Consultation closes on domestic abuse

domestic violence

Social work organisations have responded to the Home Secretary’s consultation on strengthening the law around domestic abuse.

I wrote about this in August expressing doubts that creating a new offence of domestic abuse, whilst laudable in intent, will be very difficult to enforce in practice because of the required burden of proof.

Nonetheless, I notice the Association for Directors of Adult Social Services (ADASS) believe the (potential) new offence around domestic abuse should widen its definition to include abuse by any family member.

The consultation closed last week and, as Community Care magazine reports, has received submissions from ADASS and the British Association of Social Workers (BASW) amongst others.

The consultation proposed a new prosecutable offence of “coercive and controlling behaviour” be introduced to allow victims of non-violent domestic abuse to pursue a conviction.

ADASS contends that extending the definition to include all family members would enable more adult victims of abuse to be safeguarded.

The BASW supports the idea of creating a recognisable offence around abuse, believing that if (social work) professionals see it as something lesser, it trivialises it, whereas if it becomes an offence, it is given more weight.

The Home Secretary seems intent on pushing forward with measures regardless of their controversy. However, as I said in August, the required burden of proof will render the offence of domestic abuse very difficult to prove.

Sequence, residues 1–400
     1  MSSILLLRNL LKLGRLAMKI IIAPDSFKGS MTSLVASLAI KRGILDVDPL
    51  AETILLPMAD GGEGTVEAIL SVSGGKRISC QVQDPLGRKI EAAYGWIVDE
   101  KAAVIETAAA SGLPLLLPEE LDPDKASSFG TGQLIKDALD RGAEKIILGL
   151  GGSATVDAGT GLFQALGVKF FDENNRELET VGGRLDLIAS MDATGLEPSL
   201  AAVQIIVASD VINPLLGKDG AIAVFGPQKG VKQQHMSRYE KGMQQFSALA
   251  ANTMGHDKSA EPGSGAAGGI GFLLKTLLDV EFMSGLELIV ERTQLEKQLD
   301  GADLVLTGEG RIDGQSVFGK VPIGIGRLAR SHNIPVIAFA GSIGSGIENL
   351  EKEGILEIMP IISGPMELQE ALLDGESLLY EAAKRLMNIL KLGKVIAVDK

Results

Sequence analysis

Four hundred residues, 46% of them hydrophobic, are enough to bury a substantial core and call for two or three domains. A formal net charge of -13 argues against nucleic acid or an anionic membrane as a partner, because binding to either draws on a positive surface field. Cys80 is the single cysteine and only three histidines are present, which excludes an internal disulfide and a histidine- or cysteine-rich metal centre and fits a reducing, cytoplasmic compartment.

It would seem, however, that the momentum is on the side of change.

Photo by Matt Reinbold via Flickr

Marilyn Stowe

The founder of Stowe Family Law, Marilyn Stowe is one of Britain’s best known divorce lawyers. She retired from Stowe Family Law in 2017.

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Stitchedup - October 22, 2014 at 2:52pm

The world has gone mad!

The state is intent on interfering in private family life to an extent that it will no longer be safe for a man to get involved with a woman.

God help us all.

Stitchedup - October 22, 2014 at 4:52pm

Meeting the burden of proof will not be a problem for the prosecution, the burden of proof will be on the accused…..i.e. guilty until proven innocent…. as has been the case for quite some time for domestic cases heard in the magistrates courts before a district judge or bench. Personally, if I ever found myself in the situation again I would push like hell for a hearing in the crown courts in the hope that I had a jury with an ounce of common sense.

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